The Washtenaw County Prosecutor’s Office (WCPO) and the U.S. Department of Labor’s (DOL) Wage and Hour Division signed a three-year Memorandum of Understanding (MOU) formally establishing a collaborative partnership to enforce workers’ rights, conduct joint investigations, and share information. The MOU will expand and improve the protection of Washtenaw County’s workforce, and level the playing field for responsible employers.
The MOU was formally signed on July 26th, 2022 at the International Brotherhood of Electrical Workers Local 252/UA Local 190 union hall in Washtenaw County. Labor leaders from across Washtenaw County joined the Prosecutor’s Office and the DOL for the signing.
This partnership is the first of its kind between a Michigan county prosecutor and the DOL. Because state and federal law often provide different protections for workers, the MOU will allow WCPO and the DOL to coordinate on investigations, and collaboratively determine whether to bring local or federal enforcement actions. The agencies also agreed to cross-train investigators and other staff at least once a year.
“The Prosecutor’s Office is dedicated to pursuing justice when people are harmed, and I am excited that we have made further progress in fighting for worker protection,” said Washtenaw County Prosecuting Attorney Eli Savit. “This MOU provides another tool to work with federal partners to hold accountable those who have imposed unlawful financial or economic harm to their employees.”
“This is a first-of-its-kind agreement between the Department of Labor’s Wage and Hour Division and a Michigan county, and it will facilitate coordination on investigations by federal and Washtenaw County agents as they collaboratively determine if local or federal enforcement actions are needed,” said Wage and Hour Division Regional Administrator Michael Lazzeri in Chicago. “Our partnership will allow our organizations to better protect workers in the county while holding employers accountable when they violate workers’ rights.”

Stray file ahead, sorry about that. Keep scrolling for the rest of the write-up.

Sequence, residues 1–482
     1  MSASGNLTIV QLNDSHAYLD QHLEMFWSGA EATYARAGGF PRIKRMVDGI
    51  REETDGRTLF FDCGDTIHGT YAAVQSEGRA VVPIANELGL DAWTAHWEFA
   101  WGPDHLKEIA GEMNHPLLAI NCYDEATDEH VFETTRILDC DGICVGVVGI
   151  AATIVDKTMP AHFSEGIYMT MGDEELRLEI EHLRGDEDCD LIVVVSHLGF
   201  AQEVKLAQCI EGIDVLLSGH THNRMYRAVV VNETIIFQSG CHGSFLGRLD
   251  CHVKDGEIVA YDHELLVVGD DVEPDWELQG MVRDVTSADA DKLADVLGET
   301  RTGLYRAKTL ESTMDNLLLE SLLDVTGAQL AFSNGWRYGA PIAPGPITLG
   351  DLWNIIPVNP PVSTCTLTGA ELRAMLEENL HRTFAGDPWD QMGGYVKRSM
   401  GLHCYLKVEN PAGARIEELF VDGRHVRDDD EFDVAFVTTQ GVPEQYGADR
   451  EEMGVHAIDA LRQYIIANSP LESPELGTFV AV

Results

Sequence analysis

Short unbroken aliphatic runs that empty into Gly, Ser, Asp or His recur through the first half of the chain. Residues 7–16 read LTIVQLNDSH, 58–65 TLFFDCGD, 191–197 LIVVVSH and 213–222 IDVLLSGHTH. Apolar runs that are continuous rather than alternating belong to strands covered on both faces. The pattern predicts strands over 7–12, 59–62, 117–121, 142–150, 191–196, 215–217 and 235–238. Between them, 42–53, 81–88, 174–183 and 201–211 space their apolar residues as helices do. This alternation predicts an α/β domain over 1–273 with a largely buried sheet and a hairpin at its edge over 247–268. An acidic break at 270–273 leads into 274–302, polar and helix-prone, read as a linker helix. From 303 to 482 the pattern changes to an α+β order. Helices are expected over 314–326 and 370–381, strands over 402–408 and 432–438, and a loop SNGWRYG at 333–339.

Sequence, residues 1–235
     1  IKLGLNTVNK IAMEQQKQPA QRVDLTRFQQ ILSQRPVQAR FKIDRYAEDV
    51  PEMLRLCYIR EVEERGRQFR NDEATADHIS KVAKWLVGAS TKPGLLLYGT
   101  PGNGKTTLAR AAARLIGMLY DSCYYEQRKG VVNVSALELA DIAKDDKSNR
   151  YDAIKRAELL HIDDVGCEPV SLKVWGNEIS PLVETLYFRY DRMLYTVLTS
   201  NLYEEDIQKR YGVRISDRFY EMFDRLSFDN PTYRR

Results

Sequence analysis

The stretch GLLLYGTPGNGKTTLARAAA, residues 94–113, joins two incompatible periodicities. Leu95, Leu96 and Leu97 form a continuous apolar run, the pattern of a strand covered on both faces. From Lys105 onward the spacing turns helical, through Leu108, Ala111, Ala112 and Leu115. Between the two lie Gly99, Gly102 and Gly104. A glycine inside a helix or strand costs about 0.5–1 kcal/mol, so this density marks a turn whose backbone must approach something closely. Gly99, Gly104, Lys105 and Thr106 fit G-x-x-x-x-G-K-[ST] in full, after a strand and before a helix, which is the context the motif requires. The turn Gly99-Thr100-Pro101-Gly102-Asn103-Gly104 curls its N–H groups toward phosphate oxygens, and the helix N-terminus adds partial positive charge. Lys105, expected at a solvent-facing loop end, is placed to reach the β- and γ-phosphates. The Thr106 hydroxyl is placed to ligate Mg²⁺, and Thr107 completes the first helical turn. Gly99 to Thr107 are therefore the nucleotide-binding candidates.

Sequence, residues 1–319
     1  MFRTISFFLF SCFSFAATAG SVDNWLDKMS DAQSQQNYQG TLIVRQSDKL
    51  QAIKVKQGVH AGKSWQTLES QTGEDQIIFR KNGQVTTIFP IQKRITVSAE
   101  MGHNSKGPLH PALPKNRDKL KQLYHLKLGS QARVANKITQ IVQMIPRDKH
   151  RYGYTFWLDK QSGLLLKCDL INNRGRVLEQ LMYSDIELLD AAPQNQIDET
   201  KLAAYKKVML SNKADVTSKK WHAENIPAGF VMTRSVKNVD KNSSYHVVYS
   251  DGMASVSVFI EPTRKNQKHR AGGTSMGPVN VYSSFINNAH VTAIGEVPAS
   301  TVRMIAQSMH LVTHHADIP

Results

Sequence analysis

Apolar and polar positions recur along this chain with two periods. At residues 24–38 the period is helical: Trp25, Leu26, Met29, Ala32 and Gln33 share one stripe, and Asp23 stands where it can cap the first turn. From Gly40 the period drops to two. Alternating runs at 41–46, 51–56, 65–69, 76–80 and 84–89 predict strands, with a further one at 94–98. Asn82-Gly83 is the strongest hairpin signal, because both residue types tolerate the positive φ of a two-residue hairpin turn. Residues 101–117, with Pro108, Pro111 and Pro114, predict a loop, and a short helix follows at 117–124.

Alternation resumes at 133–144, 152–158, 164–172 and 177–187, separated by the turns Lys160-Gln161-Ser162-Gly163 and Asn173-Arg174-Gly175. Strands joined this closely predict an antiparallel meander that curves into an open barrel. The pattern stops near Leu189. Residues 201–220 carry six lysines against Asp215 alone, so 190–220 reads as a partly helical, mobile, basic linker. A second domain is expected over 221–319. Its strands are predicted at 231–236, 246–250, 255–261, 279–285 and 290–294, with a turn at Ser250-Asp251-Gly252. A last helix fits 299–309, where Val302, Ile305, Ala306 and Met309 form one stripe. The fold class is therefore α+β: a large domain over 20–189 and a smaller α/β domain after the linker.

In addition to collaborative investigatory and enforcement work, the agencies agreed to conduct joint outreach presentations and prepare and distribute publications for the community. Both agreed to work with each other to provide a side-by-side comparison of laws with overlapping provisions and jurisdiction. The MOU will thus provide further opportunity to spread awareness about workers’ rights and wage and hour laws.
Last year, the Prosecutor’s Office announced the formation of an Economic Justice Unit to specifically focus on economic harms. The Unit, initially funded through a grant by the Public Rights Project, focuses on workers’ rights, consumer protection, and labor-trafficking.
“This partnership increases our outreach and strengthens our ability to help workers by leveraging local expertise with federal resources to enforce the law,” said Todd Pierce-Ryan, head of the Washtenaw County Prosecutor’s Economic Justice Unit.
For more information about the Fair Labor Standards Act and other laws enforced by the DOL Wage and Hour Division, contact the agency’s toll-free helpline at 866-4US-WAGE (487-9243). Learn more about the Wage and Hour Division, including a search tool to use if you think you may be owed back wages collected by the division.
Workers can call the Wage and Hour Division confidentially with questions – regardless of their immigration status – and the department can speak with callers in more than 200 languages.
For more information about the Washtenaw County Prosecutor’s Economic Justice Unit, visit the EJU Website or fill out this form to tell the EJU about economic harm in Washtenaw County.